Matt Sanchez joins us from

Multiculturalism, a soft national identity and the inability to separate the public forum from the private sphere will send this country scaling up a new Tower of Babel.

I went into my local bank to solve a problem. During my stay overseas in Iraq and Afghanistan, my financial institution put a block on my account because someone pretending to be me walked into a branch and presented a check. Fortunately, no funds were disbursed because the imposter's signature did not match my signature card, a low-tech solution to the common problem of identity theft. I stood in front of Elena, the bank's customer service representative. She stared at her high-tech computer database and attempted to remove the block from my checking, but the barriers between Elena and myself were going to need more than an authorization code.

After some pecking at the keyboard and several frustrated looks, Elena called over her co-worker for help. Both women watched the screen, not saying a word, and then it began. Before me, the co-worker went into a long, detailed explanation on how accounts are sometimes blocked. You know, the typical customer service stuff. The only problem was that the co-worker was having this conversation in Spanish.

It's annoying enough when the automated voice over the phone asks you to "press 2 for Spanish," but it's excruciating when the bank tellers give you no choice, and you're stuck with a live customer-service version of subtitles.

Now, let's get something straight: I actually speak Spanish. When I lived in Spain, I wrote little articles for a tourist magazine in Spanish. I even taught the language to adults in French-speaking Montreal, but this teller and her boss were not speaking Spanish for me, they were speaking it despite me.

After several minutes of the back-and-forth banter between the two women, it became obvious both actually spoke English better than Spanish. In English, I asked a question, so the co-worker spoke to Elena in Spanish for Elena to translate the response to me.

For a moment I felt as if I were back in Iraq interviewing some city councilman through an interpreter. Those interviews always took forever, and I was never sure how precise the translation was. In bleak Ramadi, I always wondered if anything really important was being left out. But in this bank, in the heart of Manhattan, I knew I was not getting the full story.

I'm not the only one who has experienced this Babel of communication. The London Terrace apartment complex, located in the ultra-liberal Manhattan neighborhood of Chelsea, mandated that all employees will have to speak English on the job. Chelsea is a place where transvestites are considered too conservative if they wear a pearl necklace, but even this liberal stronghold had an issue with "diversity."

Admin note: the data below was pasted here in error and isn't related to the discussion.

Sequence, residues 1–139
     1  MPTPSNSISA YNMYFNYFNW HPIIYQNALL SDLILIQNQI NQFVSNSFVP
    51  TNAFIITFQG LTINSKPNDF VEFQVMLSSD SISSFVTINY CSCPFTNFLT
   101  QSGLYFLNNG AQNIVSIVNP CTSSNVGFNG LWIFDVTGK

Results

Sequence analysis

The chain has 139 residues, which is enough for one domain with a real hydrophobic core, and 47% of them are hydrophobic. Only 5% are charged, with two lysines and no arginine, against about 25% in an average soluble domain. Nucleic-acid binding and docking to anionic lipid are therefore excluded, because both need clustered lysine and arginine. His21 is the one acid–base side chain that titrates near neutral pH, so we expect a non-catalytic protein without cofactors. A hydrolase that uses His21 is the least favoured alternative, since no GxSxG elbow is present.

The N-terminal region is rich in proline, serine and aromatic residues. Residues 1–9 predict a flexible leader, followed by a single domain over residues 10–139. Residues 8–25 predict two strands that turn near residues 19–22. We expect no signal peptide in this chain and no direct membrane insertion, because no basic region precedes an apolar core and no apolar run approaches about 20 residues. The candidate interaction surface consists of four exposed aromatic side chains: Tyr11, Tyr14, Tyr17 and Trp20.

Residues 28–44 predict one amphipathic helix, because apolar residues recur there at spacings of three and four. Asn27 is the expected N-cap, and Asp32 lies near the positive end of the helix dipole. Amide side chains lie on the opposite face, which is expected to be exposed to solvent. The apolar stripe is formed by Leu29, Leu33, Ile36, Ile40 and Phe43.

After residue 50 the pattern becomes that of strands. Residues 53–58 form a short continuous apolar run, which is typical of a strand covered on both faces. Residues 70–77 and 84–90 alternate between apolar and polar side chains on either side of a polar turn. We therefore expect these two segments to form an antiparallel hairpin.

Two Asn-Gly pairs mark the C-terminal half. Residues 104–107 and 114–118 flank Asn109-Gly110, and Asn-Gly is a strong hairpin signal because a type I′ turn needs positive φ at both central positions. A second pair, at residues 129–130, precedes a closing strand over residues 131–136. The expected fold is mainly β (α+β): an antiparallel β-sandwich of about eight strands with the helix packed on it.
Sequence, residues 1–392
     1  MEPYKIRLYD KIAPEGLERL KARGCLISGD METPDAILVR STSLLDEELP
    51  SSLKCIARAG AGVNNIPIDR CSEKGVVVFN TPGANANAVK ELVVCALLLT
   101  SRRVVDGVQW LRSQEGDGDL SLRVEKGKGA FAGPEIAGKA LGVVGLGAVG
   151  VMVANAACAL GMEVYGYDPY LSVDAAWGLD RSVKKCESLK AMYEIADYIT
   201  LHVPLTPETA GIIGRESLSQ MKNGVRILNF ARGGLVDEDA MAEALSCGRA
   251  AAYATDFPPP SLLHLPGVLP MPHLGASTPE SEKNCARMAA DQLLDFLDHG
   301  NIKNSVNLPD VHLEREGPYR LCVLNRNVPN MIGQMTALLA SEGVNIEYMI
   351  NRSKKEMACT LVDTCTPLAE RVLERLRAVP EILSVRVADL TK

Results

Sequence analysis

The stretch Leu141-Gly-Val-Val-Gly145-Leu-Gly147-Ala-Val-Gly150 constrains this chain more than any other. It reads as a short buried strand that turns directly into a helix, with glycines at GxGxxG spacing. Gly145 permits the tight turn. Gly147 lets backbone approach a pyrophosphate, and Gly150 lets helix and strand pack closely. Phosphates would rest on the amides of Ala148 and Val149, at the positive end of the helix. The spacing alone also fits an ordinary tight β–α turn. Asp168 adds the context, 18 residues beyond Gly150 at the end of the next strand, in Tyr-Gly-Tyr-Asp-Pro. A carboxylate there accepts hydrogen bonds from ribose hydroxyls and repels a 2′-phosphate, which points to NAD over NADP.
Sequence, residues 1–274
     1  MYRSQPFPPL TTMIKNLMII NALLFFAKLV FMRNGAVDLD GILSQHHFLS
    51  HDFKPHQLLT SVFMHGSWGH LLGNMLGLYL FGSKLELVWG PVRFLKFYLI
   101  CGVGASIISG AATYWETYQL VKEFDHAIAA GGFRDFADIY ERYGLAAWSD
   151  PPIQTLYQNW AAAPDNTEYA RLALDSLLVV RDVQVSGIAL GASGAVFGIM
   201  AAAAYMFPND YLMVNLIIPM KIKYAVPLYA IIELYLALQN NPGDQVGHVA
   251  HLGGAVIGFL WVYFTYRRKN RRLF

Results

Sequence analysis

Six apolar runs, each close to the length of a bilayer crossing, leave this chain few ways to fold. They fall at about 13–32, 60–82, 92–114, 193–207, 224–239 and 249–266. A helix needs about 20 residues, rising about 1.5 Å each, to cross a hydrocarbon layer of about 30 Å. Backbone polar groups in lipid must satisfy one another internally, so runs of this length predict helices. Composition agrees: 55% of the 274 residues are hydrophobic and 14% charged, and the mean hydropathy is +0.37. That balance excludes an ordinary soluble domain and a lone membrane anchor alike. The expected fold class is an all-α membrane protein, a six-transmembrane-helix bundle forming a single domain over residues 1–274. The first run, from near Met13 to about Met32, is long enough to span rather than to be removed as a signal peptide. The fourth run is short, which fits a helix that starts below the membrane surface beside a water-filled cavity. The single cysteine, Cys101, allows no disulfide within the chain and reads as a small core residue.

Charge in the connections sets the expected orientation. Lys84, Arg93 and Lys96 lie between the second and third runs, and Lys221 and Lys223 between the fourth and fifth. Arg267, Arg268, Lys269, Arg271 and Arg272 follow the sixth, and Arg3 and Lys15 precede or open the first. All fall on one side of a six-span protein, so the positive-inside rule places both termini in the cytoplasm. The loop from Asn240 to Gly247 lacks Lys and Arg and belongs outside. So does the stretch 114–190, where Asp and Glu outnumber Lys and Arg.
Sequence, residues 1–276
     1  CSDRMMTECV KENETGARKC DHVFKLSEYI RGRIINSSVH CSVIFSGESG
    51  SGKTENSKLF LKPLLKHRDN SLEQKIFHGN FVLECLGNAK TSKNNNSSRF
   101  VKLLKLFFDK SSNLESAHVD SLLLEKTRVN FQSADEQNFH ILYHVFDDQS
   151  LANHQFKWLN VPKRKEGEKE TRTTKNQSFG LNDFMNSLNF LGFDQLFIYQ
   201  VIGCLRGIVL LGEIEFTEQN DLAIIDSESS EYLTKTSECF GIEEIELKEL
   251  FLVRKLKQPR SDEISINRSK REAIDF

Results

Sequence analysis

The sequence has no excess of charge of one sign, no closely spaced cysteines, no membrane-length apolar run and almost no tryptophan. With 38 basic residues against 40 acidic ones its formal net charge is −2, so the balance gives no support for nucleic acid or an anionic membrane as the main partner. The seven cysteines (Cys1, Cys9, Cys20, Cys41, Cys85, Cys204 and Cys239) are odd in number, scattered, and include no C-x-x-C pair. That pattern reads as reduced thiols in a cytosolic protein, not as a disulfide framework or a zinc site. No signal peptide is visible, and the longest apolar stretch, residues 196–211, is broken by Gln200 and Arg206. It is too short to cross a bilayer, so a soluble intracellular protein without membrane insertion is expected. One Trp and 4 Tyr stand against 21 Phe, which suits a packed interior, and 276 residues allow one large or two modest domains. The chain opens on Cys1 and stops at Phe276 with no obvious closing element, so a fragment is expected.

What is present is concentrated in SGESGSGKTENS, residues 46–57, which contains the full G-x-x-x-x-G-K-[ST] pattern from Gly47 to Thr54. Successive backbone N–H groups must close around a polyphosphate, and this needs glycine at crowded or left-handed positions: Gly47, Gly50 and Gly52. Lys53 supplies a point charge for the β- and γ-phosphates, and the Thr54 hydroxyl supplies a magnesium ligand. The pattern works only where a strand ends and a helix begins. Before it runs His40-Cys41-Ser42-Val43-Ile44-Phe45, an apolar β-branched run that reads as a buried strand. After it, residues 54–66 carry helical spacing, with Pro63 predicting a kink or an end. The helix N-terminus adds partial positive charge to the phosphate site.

The problem was not hearing a different language. I live in Manhattan! The owner of the health-food store speaks Korean; the shoe repair man is Croatian, and there are more Russians and Chinese than there are native New Yorkers.

I'm not offended by different tongues; I make an effort to understand the dialects of New Jersey and Long Island.

This is not just about the decline of customer service or even an upswing in public rudeness. You have to make an effort to be rude, and you have to recognize a customer to give him service. This problem was more a shift in the public sphere, a societal and corporate slow drift that has been shoving customers off a cliff for some time now.

The dirty little secret is that all too often when Spanish-speakers go into these Latin diatribes while on the time clock, they are really just flipping the non-Spanish speaker a linguistic bird. Believe me, I've listened to more than one conversation where people didn't think I understood what was being said, or maybe just did not care.

In the new version of separate but equal, the American public forum, currently ruled by multi-cultural guidelines, has put Spanish on the same level as English. As more and more Americans see themselves as clients entitled to benefits rather than citizens bound to duties, the option of pressing No. 2 for a different language is just another choice on the multi-cultural public menu.

There was a time, even in my recent memory, when speaking another language was something reserved for the privacy of home, or in a community setting. In other words, it was meant to be a bond for people with a similar heritage and history. Would anyone describe English in America that way today?

For these two bilingual bozos, being at work in a bank and dealing with a customer was socially the same as being at home in the kitchen and ignoring the annoying children playing in the living room. When you add the "freedom" of reaffirming "Latino pride" and the self-righteous sense of entitlement, it's safe to say more clients at the bank will be hearing a lot of conversations that simply will not include them. It is up to us, as Americans, to decide if this is the model we want for a nation because others are willing to offer plenty of choices that will be more significant than pressing No. 2 for Spanish.

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